All You Need Is Shove: With one phantom punch, Ali takes out the Fab Four in Miami in 1964.
was 25, recently spat out of college, graduate school and the Army, serving as the Noon Goon (general assignment) and night rewrite reporter in the New York Times sports department when he got the assignment to cover Sonny Liston's defense of his title against Cassius Clay. It simply wasn't worth the time of a seasoned wordslinger. That decision, says Lipsyte, was the key moment of his career. By the time he turned 29, he became the youngest sports columnist in Times' history, and he went on to a distinguished career in television, as a Young Adult novelist and as a sports and city columnist at the Times where he returned in 1991. Lipsyte's personal affection for Ali is matched by his professional gratitude. Sometimes he thinks that if the real boxing writer had claimed his rightful assignment, Lipsyte would still be the Noon Goon. On the 35th anniversary of the "Fight of the Century" -- the first of Ali's three bouts with Joe Frazier -- Lipsyte reflects on 11 encounters he had with The Greatest that shaped both of their lives.
The first time ever I saw Ali, I was with the Beatles.
Now that stops conversation. People think: It doesn't get much better than that, a 26-year-old reporter hanging at the iconic center of the '60s, that defining decade of the 20th century. Like waking up with Rosetta Stone herself. Sometimes, reading myself write, I think so, too. Until I remember that on that February day I was clueless.
The New York Times had sent me down to cover Clay's first fight with Sonny Liston, because the paper's boxing writer didn't think it was worth his time. Cassius Clay was a 7-1 underdog.
The Beatles, who were on their first American tour, wanted a photo op with Liston, but the champ didn't think they were worth his time. "Who are these little sissies?" asked Sonny, who trained on the stage of a bright blue community center in northern Miami Beach. So the limo dropped the Fab Four off at the dingy old Fifth Street Gym in what is now South Beach. The Beatles were cranky before they even got up the splintery steps.
Clay was late and the Beatles tried to leave. But they had arrived, a sign of those times, with no hired muscle of their own, and the promotion's security guards pushed them into a locker room. Clay's press agent wanted that picture to boost sagging tickets sales. It was my first day on the story. I'd flown in the night before. My notebook and my mind were empty. Had I really known who these four little guys in matching white terrycloth jackets were, I might have been too shy to push my way into the locker-room with them. The Beatles, I thought then, were just another bunch of pop ups to make teenyboppers swoon. I was a cool scribe.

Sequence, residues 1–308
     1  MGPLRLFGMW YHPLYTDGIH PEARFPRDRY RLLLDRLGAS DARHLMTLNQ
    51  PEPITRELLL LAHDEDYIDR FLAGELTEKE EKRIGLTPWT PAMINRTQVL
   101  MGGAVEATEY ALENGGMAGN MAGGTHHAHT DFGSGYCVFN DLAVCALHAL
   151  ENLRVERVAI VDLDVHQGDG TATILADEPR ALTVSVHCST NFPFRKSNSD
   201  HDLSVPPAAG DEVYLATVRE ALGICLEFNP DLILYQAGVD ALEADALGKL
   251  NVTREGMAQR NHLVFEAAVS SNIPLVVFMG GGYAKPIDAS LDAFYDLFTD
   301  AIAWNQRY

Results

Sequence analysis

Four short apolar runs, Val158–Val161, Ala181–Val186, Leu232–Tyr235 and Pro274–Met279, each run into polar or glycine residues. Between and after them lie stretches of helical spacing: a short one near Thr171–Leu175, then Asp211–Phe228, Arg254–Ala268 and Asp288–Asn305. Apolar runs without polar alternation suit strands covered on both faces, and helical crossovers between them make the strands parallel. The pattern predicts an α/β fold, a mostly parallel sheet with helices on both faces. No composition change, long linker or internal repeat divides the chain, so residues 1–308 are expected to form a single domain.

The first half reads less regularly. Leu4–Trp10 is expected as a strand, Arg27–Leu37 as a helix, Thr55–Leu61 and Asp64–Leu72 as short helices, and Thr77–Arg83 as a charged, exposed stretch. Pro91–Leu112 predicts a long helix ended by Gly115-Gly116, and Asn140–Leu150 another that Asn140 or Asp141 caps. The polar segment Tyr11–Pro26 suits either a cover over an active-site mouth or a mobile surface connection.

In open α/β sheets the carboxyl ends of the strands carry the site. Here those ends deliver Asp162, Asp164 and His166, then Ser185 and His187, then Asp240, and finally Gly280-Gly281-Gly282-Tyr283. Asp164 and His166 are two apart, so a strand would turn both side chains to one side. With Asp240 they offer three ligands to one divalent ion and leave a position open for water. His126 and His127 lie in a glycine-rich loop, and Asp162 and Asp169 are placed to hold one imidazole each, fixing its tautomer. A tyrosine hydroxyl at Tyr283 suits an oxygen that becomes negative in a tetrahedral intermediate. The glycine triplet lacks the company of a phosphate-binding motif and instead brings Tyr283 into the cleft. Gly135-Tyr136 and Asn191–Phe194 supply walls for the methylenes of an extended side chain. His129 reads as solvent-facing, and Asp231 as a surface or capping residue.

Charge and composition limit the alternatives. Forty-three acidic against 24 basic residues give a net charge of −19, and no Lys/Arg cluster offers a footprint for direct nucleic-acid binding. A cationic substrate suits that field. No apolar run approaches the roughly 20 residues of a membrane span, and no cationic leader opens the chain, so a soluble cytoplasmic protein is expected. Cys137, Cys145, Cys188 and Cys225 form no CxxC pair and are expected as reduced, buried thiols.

The Beatles were cursing the photographer who had brought them here, claiming they had been tricked. I introduced myself, a little grandly I think, invoking the majesty of the Times, and John gravely shook my hand, introducing himself as Ringo, and Paul as John. I knew they were putting me on and was faintly amused. I asked for their predictions. We all agreed that Liston would destroy Clay, the silly little over-hyped wanker. Then they ignored me to snarl among themselves, the silly little over-hyped wankers.
Suddenly, the locker-room burst open, and Cassius Clay filled the doorway. The Beatles gasped, and so did I. He was so much bigger than he looked in pictures. He was beautiful. He was laughing. He seemed to glow.
"Hello there, Beatles," he roared. "We ought to do some road shows together. We'll get rich."
The Beatles got it right away. They followed Clay out to the boxing ring like kindergarten kids. You would have thought they'd met before and choreographed their frolic. They bounced into the ring, capered, dropped down to pray Clay would stop hitting them. He picked up Ringo, the bittiest Beatle. Then they lined up so Clay could knock them all out with one punch. They fell like dominoes. That photo op is still a classic.
After the Beatles left, Clay worked out as Bundini hollered, "Float like a butterfly, sting like a bee." Later, stretched out on a dressing-room table for his rubdown, he silenced a crabby old reporter from Boston who implied that the fight was a joke by saying, "I'm making all this money, the popcorn man making money and the beer man, and you got something to write about. Your papers let you come down to Miami Beach, where it's warm."
I was thrilled. I thought: He's got our number and he's not afraid of playing with us. Too bad he's going to get his head knocked off. He would have been so much fun to write about as champ.
After his rubdown, Cassius took me aside. I'd like to think he had picked me out of the pack -- years later, he would say, "I always knew you were smart, Bob, because you a Jew and never ate pork, your mind is clear." But I think he had merely spotted me in the locker room. He asked, "Who were those little sissies?"